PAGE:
Warrior Nun is Yet Another Victim of Netflix's Cliffhanger Obsession

Warrior Nun is Yet Another Victim of Netflix's Cliffhanger Obsession
Image credit: Netflix

It's Time for Netflix to Curb Its Greed.

Despite lacking the same scale and budget as Netflix's other flagship series, Warrior Nun quickly attracted a dedicated fanbase. Its admirers praised the show for its well-executed LGBTQ+ representation and empowering narratives for a predominantly female cast.

However, Netflix abruptly canceled the series, leaving viewers with a cliffhanger ending. Understandably, the angered fans refused to let this pass without a fight, launching a massive online campaign to revive the franchise. Yet, the future seems uncertain: it would appear that neither the showrunner nor the original writers will be involved in the revival. It's worth examining the production practices Netflix has employed in recent years to understand why.

A Story of Fighting, Winning, and Losing

When Netflix declared in December 2022 that Warrior Nun would not be renewed, fans were justifiably outraged. The hashtag #SaveWarriorNun went viral, a petition to renew the show amassed over 120,000 signatures, and an online convention was held featuring the writers.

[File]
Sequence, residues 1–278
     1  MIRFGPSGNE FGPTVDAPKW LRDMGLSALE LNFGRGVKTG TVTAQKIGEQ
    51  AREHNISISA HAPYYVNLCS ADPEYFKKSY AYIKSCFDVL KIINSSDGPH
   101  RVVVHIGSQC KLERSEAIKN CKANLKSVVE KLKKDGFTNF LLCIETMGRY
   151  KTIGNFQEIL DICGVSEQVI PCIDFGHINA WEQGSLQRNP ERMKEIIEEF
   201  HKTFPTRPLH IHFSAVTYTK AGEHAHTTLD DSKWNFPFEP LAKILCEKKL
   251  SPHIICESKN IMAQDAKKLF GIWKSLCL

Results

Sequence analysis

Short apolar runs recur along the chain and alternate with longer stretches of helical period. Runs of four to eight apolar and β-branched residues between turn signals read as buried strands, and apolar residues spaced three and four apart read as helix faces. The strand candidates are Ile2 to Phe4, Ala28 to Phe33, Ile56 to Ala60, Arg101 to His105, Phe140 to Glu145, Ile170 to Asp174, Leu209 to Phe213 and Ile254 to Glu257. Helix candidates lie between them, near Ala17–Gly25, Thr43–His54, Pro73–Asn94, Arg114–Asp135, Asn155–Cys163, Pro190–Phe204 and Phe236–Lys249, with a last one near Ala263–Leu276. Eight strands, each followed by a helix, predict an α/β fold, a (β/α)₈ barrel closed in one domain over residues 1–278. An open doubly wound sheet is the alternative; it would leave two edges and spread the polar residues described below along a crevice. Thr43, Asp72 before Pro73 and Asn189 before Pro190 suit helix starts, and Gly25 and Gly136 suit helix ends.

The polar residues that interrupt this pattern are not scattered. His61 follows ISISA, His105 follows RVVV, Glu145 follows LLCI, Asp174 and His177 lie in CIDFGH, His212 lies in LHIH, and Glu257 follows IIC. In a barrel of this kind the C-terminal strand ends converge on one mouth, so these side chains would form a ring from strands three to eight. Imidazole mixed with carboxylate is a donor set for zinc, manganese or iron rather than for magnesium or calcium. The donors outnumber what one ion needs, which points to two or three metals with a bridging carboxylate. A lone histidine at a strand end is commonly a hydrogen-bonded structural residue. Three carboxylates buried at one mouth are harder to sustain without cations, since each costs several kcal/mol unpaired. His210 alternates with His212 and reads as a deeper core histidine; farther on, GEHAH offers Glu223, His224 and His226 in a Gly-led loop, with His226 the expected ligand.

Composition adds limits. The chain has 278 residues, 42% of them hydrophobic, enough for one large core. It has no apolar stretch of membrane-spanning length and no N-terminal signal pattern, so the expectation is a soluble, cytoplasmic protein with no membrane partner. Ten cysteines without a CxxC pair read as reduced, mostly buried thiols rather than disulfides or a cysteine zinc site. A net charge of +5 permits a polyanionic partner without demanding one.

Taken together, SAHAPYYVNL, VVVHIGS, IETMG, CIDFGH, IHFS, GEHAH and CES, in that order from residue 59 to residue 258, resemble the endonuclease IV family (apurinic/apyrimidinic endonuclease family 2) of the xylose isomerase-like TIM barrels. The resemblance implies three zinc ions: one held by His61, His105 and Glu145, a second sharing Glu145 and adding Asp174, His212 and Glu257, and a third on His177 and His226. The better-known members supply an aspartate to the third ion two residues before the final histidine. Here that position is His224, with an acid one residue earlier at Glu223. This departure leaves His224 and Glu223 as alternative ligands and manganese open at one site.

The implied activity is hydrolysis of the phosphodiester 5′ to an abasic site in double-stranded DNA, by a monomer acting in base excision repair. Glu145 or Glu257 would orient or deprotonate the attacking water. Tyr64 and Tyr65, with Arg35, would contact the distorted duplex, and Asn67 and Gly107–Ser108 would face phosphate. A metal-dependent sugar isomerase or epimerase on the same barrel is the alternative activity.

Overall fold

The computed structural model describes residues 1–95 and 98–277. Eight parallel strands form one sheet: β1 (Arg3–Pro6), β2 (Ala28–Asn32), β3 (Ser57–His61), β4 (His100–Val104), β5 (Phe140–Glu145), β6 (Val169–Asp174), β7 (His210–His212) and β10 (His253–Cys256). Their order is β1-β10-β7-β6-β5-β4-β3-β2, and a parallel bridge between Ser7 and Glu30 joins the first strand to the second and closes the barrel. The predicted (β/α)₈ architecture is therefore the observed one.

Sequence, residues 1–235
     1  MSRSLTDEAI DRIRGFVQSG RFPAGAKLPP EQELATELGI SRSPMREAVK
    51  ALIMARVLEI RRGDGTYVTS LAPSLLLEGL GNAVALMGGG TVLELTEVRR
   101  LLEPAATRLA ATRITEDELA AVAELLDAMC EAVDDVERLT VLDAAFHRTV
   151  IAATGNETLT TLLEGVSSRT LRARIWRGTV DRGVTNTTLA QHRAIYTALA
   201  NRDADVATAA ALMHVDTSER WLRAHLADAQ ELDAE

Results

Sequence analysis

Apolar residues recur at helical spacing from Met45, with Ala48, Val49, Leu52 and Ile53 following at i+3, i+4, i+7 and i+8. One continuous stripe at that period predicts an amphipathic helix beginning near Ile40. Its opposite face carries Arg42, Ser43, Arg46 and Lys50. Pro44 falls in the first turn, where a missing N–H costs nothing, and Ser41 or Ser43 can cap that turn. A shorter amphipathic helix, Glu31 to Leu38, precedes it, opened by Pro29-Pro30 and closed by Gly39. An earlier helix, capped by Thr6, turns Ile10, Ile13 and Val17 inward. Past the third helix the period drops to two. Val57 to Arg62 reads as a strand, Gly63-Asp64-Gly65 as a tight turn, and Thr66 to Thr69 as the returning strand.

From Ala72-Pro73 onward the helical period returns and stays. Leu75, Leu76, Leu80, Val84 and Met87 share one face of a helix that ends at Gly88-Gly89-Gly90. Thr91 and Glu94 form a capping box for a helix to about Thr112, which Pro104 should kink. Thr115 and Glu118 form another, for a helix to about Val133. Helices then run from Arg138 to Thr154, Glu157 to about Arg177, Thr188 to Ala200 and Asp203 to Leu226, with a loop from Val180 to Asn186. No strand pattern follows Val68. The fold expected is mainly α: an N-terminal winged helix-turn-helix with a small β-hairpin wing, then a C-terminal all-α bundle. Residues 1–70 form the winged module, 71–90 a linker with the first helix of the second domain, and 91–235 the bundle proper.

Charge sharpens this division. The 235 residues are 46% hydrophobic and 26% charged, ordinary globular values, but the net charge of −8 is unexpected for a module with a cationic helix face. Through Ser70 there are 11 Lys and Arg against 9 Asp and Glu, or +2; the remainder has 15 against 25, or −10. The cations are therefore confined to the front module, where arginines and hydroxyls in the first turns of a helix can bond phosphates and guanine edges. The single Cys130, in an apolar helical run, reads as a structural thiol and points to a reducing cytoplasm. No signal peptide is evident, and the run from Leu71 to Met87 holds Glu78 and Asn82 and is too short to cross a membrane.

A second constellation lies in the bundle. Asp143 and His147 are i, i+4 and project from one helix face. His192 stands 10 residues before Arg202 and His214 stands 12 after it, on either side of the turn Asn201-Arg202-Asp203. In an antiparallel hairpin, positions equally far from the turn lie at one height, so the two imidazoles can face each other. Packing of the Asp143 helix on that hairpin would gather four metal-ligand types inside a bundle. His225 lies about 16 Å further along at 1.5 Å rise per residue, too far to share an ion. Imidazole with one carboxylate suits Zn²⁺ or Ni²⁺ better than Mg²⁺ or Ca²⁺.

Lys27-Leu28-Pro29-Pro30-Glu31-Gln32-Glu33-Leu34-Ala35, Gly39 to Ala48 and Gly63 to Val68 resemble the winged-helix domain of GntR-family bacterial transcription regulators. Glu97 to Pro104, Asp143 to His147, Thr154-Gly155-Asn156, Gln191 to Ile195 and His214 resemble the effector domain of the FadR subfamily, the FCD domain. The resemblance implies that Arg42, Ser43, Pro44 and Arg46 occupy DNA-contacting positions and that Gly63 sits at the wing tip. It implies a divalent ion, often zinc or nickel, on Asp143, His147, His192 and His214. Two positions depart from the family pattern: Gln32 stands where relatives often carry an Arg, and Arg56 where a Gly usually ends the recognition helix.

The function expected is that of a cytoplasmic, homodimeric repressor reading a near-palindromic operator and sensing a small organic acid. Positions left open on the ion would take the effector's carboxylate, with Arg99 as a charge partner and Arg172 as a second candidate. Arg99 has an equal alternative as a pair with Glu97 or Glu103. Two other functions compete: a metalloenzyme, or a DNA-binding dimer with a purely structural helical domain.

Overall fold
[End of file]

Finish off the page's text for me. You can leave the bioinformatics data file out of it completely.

The streaming platform heeded the pleas and agreed to revive the franchise with three concluding feature films. However, as fans were celebrating, they received the disappointing news that many of the creatives, including showrunner Simon Barry and writers Amy Berg and David Hayter, were no longer involved with the project. It seems we may be in for another campaign from the Halo Bearers.

Perhaps things could've been different: if Season 2 hadn't ended on a cliffhanger, if we hadn't been anticipating Ava's return from the Ark and her reunion with Beatrice, perhaps many of us would have been happy with just two seasons.

Netflix's Problematic Policies

The issue lies in the commercial strategy that Netflix employs. The future of shows doesn't depend on critical acclaim or total viewership but rather on the number of new unique subscribers. Thus, for our beloved show to be renewed, we must binge-watch it immediately and persuade all our friends and family to subscribe and do the same.

In recent years, to keep the excitement alive, Netflix has required creative teams to conclude seasons with cliffhangers, capitalizing on the anticipation. Consider every season of Stranger Things or the cliffhanger that ended the recently released (and promptly canceled) 1899.

Does this tactic work? Regrettably, if it didn't, Netflix wouldn't be buying dozens of new IPs. However, it's incredibly problematic. It restricts the creative vision of writers, and yes, if a show is canceled, it's more likely to be remembered years later if it left unresolved plot threads.